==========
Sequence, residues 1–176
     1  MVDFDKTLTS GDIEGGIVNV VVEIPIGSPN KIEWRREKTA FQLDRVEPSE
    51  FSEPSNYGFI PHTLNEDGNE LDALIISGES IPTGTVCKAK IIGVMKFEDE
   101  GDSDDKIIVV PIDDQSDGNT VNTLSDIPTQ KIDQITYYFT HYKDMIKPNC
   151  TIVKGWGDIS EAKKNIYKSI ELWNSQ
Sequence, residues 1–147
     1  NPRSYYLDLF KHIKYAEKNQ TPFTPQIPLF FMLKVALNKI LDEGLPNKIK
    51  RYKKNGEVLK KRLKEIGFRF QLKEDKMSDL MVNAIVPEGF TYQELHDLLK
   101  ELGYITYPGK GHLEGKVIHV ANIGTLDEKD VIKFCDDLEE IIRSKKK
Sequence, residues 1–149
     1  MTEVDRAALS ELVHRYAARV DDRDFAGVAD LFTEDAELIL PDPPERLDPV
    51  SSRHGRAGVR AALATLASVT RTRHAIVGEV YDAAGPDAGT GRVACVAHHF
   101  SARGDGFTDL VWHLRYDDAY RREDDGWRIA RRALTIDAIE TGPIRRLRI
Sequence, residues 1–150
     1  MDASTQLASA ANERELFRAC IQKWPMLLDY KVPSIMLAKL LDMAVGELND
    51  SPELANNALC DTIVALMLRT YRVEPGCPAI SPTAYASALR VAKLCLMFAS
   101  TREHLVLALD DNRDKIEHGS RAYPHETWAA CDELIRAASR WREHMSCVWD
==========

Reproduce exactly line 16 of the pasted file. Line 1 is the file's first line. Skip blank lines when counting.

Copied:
    51  SPELANNALC DTIVALMLRT YRVEPGCPAI SPTAYASALR VAKLCLMFAS